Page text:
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Senu-oke v. Pemberton

November 30, 2006


The opinion of the court was delivered by: Judge Smith

Magistrate Judge King


This matter is before the Court on Defendants' Motion for Relief from Judgment (Doc. 26). Plaintiff has filed both a Response in Opposition to the Motion for Relief from Judgment (Doc. 28), and an Objection to the Motion for Relief from Judgment (Doc.31). For the reasons that follow, the Court grants Defendants' Motion for Relief from Judgment.


On March 15, 2002, Plaintiff initiated this case against Defendants Earl and Betty Van Pemberton. There was some difficulty serving the complaint upon Defendants, however, on August 20, 2002, service was returned executed.*fn1 Then on December 27, 2002, Plaintiff moved for default judgment. On September 11, 2003, the Court granted Plaintiff's motion for default judgment and referred this matter to the United States Magistrate Judge to conduct a hearing and to issue a report and recommendation addressing the amount of damages to which Plaintiff was entitled. Fed. R. Civ. P. 55(b)(2); 28 U.S.C. § 636(b)(1)(B). The Magistrate Judge conducted a hearing on October 9, 2003, and issued a report and recommendation the same day. The Magistrate Judge recommended that Plaintiff be awarded judgment against Defendants in the amount of $350,000. The Court adopted the Magistrate Judge's October 9, 2003 report and recommendation in its entirety on October 20, 2003 and final judgment was entered. 28 U.S.C. § 636(b)(1)(C); Fed. R. Civ. P. 72(b).

On July 20, 2006, close to three years after the default judgment was entered, Defendants filed a Motion for Relief from Judgment (Doc. 26). Defendants move pursuant to Rules 55(c) and 60(b) of the Federal Rules of Civil Procedure that the default judgment be set aside. Defendants also seek attorneys' fees and costs, damages arising from the judgment, and any other relief deemed by this Court to be just and equitable.

Defendants, the Pembertons, set forth additional facts in their Motion that this Court was not made aware of at the time the Complaint was filed. On March 25, 2002, Earl Pemberton filed an action against Dr. Senu-oke in the Boyle County, Kentucky Circuit Court. Mr. Pemberton perfected service upon Dr. Senu-oke and both parties appeared for the proceedings in that court. In February 2003, the parties settled all claims and the Kentucky case was dismissed. Therefore, while Dr. Senu-oke filed his claim in this Court first, on March 15, 2002, he did not perfect service until five months later. During the time he was attempting to perfect service he was in contact with the Pembertons through the Kentucky litigation. The Pembertons assert that both cases arose out of the same transactions and occurrences and involved the same causes of action.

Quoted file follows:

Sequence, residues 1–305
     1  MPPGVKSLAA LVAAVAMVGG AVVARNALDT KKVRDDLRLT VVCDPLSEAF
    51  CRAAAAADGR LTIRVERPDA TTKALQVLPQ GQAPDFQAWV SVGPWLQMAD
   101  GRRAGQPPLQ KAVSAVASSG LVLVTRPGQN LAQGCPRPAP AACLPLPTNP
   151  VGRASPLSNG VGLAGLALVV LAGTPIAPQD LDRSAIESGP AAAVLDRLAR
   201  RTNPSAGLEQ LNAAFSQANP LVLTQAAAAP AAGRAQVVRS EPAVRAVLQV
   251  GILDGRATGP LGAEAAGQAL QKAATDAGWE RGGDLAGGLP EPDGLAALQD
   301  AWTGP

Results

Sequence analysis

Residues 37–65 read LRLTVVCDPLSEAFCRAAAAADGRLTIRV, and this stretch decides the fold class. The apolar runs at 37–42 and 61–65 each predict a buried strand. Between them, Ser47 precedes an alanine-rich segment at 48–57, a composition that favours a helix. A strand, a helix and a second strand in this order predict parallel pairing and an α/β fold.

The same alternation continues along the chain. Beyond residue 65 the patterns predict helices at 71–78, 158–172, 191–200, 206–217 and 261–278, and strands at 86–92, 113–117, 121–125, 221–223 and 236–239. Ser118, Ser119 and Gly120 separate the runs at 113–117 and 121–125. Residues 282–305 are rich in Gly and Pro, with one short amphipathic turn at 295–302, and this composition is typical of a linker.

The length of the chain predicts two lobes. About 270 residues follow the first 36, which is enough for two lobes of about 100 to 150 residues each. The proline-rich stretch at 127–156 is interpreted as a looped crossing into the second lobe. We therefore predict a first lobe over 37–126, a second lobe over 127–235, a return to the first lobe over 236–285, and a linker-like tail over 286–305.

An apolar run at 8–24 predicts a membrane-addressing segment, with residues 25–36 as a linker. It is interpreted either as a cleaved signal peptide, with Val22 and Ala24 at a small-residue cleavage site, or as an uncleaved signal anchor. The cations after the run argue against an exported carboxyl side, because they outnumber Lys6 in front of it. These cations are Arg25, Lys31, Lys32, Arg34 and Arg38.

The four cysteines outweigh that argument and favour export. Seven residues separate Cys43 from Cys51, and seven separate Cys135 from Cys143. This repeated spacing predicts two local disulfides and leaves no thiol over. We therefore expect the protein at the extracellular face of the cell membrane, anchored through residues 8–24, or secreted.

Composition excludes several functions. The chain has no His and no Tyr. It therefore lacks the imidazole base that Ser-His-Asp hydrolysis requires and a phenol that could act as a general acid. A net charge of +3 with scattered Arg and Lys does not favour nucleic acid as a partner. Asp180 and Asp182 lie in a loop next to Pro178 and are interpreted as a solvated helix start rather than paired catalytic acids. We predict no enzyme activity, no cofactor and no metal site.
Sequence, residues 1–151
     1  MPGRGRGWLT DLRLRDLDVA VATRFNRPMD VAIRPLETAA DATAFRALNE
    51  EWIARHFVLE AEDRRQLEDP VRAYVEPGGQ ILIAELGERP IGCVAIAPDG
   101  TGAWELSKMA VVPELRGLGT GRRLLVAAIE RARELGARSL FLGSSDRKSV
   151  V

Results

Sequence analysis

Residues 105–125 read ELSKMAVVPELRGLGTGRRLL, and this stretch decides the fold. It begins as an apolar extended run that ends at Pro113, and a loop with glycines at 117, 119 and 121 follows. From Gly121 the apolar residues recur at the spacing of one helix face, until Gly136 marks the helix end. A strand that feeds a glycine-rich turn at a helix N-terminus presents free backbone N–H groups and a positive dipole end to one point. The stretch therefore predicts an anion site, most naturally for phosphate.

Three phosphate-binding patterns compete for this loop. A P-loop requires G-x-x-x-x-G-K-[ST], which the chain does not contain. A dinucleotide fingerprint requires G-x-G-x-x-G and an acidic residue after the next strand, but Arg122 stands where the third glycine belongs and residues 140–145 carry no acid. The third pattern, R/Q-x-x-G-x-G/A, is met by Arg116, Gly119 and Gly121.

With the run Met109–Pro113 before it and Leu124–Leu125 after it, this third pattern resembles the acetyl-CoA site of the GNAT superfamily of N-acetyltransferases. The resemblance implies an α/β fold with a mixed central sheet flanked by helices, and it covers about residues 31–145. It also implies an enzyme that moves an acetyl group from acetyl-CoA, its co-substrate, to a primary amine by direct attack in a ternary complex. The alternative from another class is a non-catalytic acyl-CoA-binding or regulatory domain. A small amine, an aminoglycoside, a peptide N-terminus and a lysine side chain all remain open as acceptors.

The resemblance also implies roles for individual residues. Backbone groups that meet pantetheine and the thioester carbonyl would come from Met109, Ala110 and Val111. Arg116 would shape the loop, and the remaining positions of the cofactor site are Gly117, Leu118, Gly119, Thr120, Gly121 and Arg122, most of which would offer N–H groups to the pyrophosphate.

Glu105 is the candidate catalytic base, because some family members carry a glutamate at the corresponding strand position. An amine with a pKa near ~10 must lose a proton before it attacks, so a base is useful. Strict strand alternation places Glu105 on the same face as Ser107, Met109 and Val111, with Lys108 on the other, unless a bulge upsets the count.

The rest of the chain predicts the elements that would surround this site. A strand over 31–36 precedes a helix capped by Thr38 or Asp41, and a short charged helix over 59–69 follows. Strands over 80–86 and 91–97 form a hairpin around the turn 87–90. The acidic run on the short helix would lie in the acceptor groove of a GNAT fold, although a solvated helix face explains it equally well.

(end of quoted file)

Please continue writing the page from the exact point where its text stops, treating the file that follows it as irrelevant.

Plaintiff Dr. Senu-oke's Complaint in this case asserts that he entered into an agreement with the Defendants, the Pembertons, to put his three horses in their care and in return he would pay them $300 a month, $100 for each horse. Plaintiff claims that Defendants have prevented him from taking possession of his horses to prepare them for breeding. Plaintiff seeks immediate release of his three horses and also requested compensatory and punitive damages. No where in the pleadings does Dr. Senu-oke state that he has paid the Pembertons for their services.

Defendant Earl Pemberton asserted in his complaint in the Kentucky litigation essentially the same issues presented before this Court. Specifically, that there was an agreement for the Pembertons to board Dr. Senu-oke's three horses for $300 per month, plus expenses incurred for feed, veterinarian services and other out-of-pocket expenses. Mr. Pemberton initiated the suit asserting that Dr. Senu-oke was refusing to pay them. The Pembertons obtained a lien on the horses and sought to enforce that lien pursuant to KRS 37.410. The complaint also asserted claims of breach of contract and unjust enrichment.

In January 2003, the parties entered into an agreement whereby Dr. Senu-oke would pay the Pembertons the money he owed for boarding his horses, $3750, and the Pembertons would then release the horses to Dr. Senu-oke. The final order dismissing the case as settled was entered September 8, 2003, and specifically provided that: all claims between the Parties, regardless of whether said claims arose from the events giving rise to or were asserted in the Complaint and the Counterclaim and whether known or unknown, which arose or occurred on or before the date of settlement, specifically February 25, 2003, have been settled and, therefore, said claims be, and hereby are, released, satisfied and waived by this settlement and dismissal. (Ex. D to Defs' Mot.).

At no time during the course of the Kentucky litigation or the settlement was the subject of this pending case raised. The Pembertons were therefore unaware of this litigation until they attempted to refinance their house recently and were advised that a lien had been put on their house as a result of a judgment.*fn2 (See Exs. E & F to Defs' Mot.).


A. Default Judgment

Rule 55(c) of the Federal Rules of Civil Procedure provides that: "[f]or good cause shown the court may set aside an entry of default and, if a judgment by default has been entered, may likewise set it aside in accordance with Rule 60(b)." The sections of Rule 60(b) of the Federal Rules of Civil ...

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